The National: Natural-Born Collaborators
The two-year-old Bunbury Music Festival takes place at Cincinnati, Ohio’s Sawyer Point, nestled on the edge of the Ohio River, just a footbridge away from the Northern Kentucky border. On paper, Bunbury’s bookings feel in line with the kaleidoscope of indie- embraced music gatherings that have come to define the so-called festival generation in recent years—a carefully curated, day-glo mix of garage rock, indie pop, psychedelia and hipster acts such as fun., MGMT, Belle and Sebastian, Divine Fits, Yo La Tengo and the event’s final act, and hometown heroes, The National.
Between the festival’s six stages, Bunbury is also a celebration of all things Cincinnati, including local delicacies like Christian Moerlein craft beer and the drunk-food classic Skyline Chili (the city’s trademark mix of spicy meat and spaghetti).
While The National technically rolled into Bunbury as part of a hefty tour behind their sixth full-length studio album, Trouble Will Find Me, released this past May, the event also served as a home- coming for the increasingly popular indie rock quintet whose members all grew up in Cincinnati and still embody the city’s Midwestern charm.
“Don’t remind me. It makes me nervous,” says bearded drummer Bryan Devendorf, who looks like the band’s lone rocker but is also among the group’s most laid-back members, as he relaxes in the festival’s artist area. “I’m going to get psyched out.”
“The city exists somewhere between the post-industrial wasteland of the Midwest—places like Detroit—and bigger Midwestern cities like Minneapolis and Pittsburgh— this seedy river city with a university,” muses the always inquisitive Aaron Dessner, one of The National’s identical twin guitarists and chief songwriters, a little later in the evening. “Sometimes, I come home and think, ‘This place is so fucked up,’ and sometimes, I come home and say, ‘This place is amazing.’”
A few hours before The National are about to take the stage, Bunbury’s backstage compound feels more like a family BBQ than a typical festival-style industry hang. The idyllic summer day recalls an innocent scene from The Wonder Years rather than a sequence from more glitzy urban shows like Gossip Girl, whose developers named their production company after The National song “Fake Empire.”
“There was nothing exceptional about our upbringing,” says Aaron’s brother Bryce, who is most distinguishable from his minutes-older twin by his bangs and his impressive classical music résumé. “We come from a place where people pride themselves on being humble, but beneath that veneer of modesty, things are just as complex here as anywhere else. I think that plays out in the songs—there are layers of humanity. We appear to come from these healthy Ohio families, but it is never that simple.”
Several members of those Ohio families are hanging out behind the stage that The National will headline. In one corner, the Dessner twins’ mom gives them a pep talk before they take the stage. In another, other band relatives are engaged in a rather competitive game of cornhole. The onlookers erupt into cheers when bassist Scott Devendorf’s wife shows off some serious beanbag tossing skills.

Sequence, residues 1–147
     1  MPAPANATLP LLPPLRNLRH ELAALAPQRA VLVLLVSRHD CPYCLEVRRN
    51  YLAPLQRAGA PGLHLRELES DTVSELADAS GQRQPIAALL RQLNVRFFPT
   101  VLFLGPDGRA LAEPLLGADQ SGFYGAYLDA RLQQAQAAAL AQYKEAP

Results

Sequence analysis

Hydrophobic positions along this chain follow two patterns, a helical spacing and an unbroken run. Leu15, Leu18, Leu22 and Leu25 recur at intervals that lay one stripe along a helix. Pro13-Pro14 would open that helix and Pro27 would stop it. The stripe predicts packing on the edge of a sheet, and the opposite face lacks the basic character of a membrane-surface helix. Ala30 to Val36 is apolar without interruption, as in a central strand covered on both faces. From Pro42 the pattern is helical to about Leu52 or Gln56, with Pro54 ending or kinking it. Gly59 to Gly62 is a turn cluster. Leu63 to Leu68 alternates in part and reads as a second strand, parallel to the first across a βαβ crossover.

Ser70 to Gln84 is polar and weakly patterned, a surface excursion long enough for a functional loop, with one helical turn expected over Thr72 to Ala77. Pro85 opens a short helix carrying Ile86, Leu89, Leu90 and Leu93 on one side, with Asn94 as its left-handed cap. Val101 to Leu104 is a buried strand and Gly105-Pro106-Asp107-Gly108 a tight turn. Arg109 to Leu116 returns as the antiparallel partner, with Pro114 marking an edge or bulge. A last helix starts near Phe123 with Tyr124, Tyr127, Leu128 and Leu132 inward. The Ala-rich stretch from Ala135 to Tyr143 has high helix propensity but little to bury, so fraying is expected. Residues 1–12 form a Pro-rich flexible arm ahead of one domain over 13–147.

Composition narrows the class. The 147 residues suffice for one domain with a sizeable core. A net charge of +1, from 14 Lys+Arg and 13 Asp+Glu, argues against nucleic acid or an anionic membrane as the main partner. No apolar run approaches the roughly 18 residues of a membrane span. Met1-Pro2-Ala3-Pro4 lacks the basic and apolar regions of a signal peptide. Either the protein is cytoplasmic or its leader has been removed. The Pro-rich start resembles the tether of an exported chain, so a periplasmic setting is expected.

“I grew up on the west side, and the rest of the band grew up on the east side,” baritone- voiced lead singer and primary lyricist Matt Berninger points out shortly before their set, as he sips wine out of a red plastic Solo cup. While at home, he invited the rest of the band over to film a music video in his family’s backyard involving a Slip ‘n Slide. “The west siders always thought the east side was the snobby side, and the west side was sort of the wrong side of the tracks.” He pauses to laugh. “I grew up in an amazing, normal suburb but I like to pretend I grew up on the gritty side of town.”
What’s interesting is that despite everyone hailing from The Queen City, since forming in 1999—and especially after their acclaimed 2005 album Alligator—The National have come to embody Brooklyn indie rock. And for good reason. Their sound somehow manages to encapsulate two extreme forms of New York music— highbrow, Uptown art-rock and gritty, Downtown post-punk— and their albums are filled with elegant, sometimes brooding novellas of white-collar New York struggle. Outside the band, the Dessners have rightfully earned a reputation as the indie scene’s most connected set of brothers— thanks, in part, to their all-star Dark Was the Night album and concert as well as an association with the Brooklyn Academy of Music that includes organizing the Crossing Brooklyn Ferry festival.
“I think there’s a certain Midwestern quality to the band,” says Scott, the group’s most soft-spoken and reserved member, who happens to be wearing a T-shirt that he tie- dyed himself. “The band started in New York and then, everything we did formed around being in New York— being ambitious—but not in a way that was necessarily always productive. The work ethic of the band is very Midwestern.”
In many ways the origins of The National date to the late ‘80s when Bryan Devendorf befriended the Dessner twins through a Cincinnati middle-school basketball team. “We’ve had our tough patches personally in this band but the deep friendships, history and musical connections go way back,” Aaron says. “Our dispositions are very similar.”
In other ways, The National’s roots stretch even further. “Bryce and I shared the same room until we were 18 when we went to college,” he adds. “We’ve played music from when we were little boys. If this band ended, we’d still be doing something musical together. We are born collaborators and have always collaborated with each other and other people.”